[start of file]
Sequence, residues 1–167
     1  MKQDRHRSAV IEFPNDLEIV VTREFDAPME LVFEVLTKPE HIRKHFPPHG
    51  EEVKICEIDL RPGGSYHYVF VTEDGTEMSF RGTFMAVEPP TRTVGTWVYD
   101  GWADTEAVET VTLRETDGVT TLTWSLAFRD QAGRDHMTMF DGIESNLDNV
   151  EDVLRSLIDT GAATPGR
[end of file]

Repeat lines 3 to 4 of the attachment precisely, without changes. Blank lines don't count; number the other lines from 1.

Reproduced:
    51  EEVKICEIDL RPGGSYHYVF VTEDGTEMSF RGTFMAVEPP TRTVGTWVYD
   101  GWADTEAVET VTLRETDGVT TLTWSLAFRD QAGRDHMTMF DGIESNLDNV